The larger the value of Vce max and smaller the value of Vce min the closer the efficiency approaches the theoretical limit of 50%. Well-designed circuits can approach the limit of 50%. The larger the amount of power handled by the amplifier, the more critical the efficiency becomes. For a few watts of power a simpler, cheaper circuit with less than maximum efficiency is acceptable (and sometimes desirable). For power levels in the tens to hundreds of watts efficiency as close as possible to the theoretical maximum would be desired.
The maximum power dissipated in the transistor is under zero signal condition i.e., VCC ICQ where ICQ is the collector current under zero signal condition.
Since collector current flows at all times throughout the whole cycle, no part of the signal is cut off and thus the output waveform obtained in this case is exact replica of the input waveform. Thus such amplifiers have least distortion. However, they suffer from the drawbacks of (i) low output power and (ii) low collector efficiency (less than 50%; about 30%).
Thus, for a given transistor dissipation capability, the output ac power obtainable in a load is the same (i.e., ideally one half of the amount of power input to the transistor) no matter whether the load is direct coupled or transformer coupled. However, the drain on the power supply in a transformer coupled amplifier is ideally one half of what it is in the direct coupled amplifier.
Collector Dissipation Curve:
In a power amplifier, the main source of power supply is collector dc supply and some of it is converted into ac power and appears in the load and rest of it is dissipated in the form of heat. Thus in a power amplifier
or Power dissipation,
From above Eq. (17.19) it is obvious that power dissipated by the transistor (Pd) is the difference of average dc power input from the collector supply battery, Pin (dc) (which is constant for a given battery and operating point) and ac output power, Pout (ac) supplied to the load. For zero output (i.e., when no signal is applied), the transistor is required to dissipate the maximum power i.e., Pd = VCC ICQ. This is the worst case for a transistor. When the signal is applied, the transistor has to dissipate less power. Hence in designing a power amplifier, the important factor that is to be kept in mind is the power dissipation rating of the transistor.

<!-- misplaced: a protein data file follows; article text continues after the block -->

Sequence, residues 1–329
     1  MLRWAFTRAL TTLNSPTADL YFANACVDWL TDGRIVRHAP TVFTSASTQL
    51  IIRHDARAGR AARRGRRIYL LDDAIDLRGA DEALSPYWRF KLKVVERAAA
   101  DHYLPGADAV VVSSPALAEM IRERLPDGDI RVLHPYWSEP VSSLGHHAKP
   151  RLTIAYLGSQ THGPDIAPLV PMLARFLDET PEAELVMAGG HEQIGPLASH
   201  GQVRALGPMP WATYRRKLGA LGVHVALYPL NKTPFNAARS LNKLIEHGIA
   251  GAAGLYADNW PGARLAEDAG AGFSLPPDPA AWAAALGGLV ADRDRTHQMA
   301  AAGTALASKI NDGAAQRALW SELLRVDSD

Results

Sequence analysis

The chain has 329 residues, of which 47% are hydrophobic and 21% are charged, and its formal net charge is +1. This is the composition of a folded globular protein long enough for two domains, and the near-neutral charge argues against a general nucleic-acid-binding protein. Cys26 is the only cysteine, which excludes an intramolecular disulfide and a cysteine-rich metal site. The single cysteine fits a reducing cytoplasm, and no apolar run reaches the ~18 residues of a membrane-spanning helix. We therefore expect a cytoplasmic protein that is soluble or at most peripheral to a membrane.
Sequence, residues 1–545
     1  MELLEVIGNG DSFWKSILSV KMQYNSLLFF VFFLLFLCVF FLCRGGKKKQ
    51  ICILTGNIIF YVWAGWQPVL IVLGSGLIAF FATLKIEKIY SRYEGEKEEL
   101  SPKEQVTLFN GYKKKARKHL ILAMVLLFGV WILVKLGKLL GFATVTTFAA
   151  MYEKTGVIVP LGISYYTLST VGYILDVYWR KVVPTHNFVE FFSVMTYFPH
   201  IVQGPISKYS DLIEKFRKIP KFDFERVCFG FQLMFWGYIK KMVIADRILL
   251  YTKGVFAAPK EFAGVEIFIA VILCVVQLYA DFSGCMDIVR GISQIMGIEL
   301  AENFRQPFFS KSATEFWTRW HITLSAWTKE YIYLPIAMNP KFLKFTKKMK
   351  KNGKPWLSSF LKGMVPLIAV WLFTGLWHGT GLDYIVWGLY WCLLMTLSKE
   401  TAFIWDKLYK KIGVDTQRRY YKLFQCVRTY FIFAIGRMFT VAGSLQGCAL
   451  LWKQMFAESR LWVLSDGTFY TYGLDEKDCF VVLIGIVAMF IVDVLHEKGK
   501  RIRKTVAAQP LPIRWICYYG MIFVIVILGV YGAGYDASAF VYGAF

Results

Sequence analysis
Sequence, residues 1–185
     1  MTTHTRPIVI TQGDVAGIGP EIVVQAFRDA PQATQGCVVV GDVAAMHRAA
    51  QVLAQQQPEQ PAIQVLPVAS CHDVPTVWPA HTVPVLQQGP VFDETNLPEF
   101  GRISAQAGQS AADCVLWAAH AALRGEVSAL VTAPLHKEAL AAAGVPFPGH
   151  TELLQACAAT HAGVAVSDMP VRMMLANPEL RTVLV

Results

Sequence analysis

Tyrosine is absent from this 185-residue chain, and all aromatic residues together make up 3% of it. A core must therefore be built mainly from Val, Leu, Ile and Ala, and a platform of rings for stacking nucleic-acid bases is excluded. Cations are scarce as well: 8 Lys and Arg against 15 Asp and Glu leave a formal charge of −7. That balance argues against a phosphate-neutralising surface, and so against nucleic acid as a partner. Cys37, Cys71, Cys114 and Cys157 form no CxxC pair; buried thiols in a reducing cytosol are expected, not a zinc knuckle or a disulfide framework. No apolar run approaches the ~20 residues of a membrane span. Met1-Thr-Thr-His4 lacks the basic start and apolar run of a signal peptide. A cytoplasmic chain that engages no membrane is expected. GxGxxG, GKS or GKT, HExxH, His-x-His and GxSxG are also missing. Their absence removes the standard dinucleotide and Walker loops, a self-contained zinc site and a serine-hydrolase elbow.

Let the power dissipation capacity of a transistor be 5 W. For designing a power amplifier, first of all its collector dissipation curve is plotted. For plotting the collector dissipation curve of a power amplifier collector current lC is determined corresponding to some arbitrary values of collector-emitter voltage VCE from the relation Pd = VCE IC = 5 W, the power dissipation capacity of the transistor. Some sample calculations are given below in tabular form. The curve obtained from these values is a hyperbola, as shown in Fig. 17.14.
For using this transistor in a power amplifier, its operating point must be below the dissipation curve, otherwise transistor will get damaged. This is the importance of dissipation curve.
Drawbacks of Single Ended Transformer Coupled Amplifier:
A single ended transformer coupled amplifier has the following drawbacks:
- The total harmonic distortion is unacceptably high for most audio applications except in cheaper amplifiers. The second harmonic distortion is usually the greatest offender.
- Maximum output power is delivered at a load resistance that is different from the value for minimum harmonic distortion. Consequently, the amplifier is designed to operate into a load that provides slightly less than maximum output power, but a significantly lower total distortion.
- The output transformer is subject to saturation problems due to flow of direct current in transformer primary.
Output Transformer Saturation:
For the proper operation of a transformer, the necessary requirement is that the flux in the transformer core varies in proportion with the variation in primary current. The transformer core is said to be saturated if the core flux does not change in proportion with the change in primary current. The effects of transformer core saturation are as follows:
- With the increase in primary current of transformer, it is possible that there may not be a correct corresponding increase in magnetic flux to induce the proper voltage in the secondary.
- The primary current may increase to a very high value due to sudden reduction in the primary impedance because the saturation of the core will reduce the primary inductance to a very low value.
In a single ended transformer coupled amplifier, the relatively large dc collector current flowing under zero signal condition may cause a large magnetic flux density in the transformer core, that may result in saturation of transformer core. Then, when the collector current increases due to increase in input signal, it is possible that magnetic flux may not increase in proportion to the collector current and so proper voltage may not be induced in the secondary. On the negative swing, however, the collector current would be able to fall and reduce the flux by the correct amount, inducing in the secondary a voltage larger than was obtained on the positive half-cycle, as shown in Fig. 17.15. Thus saturation of output transformer core may result in distorted output.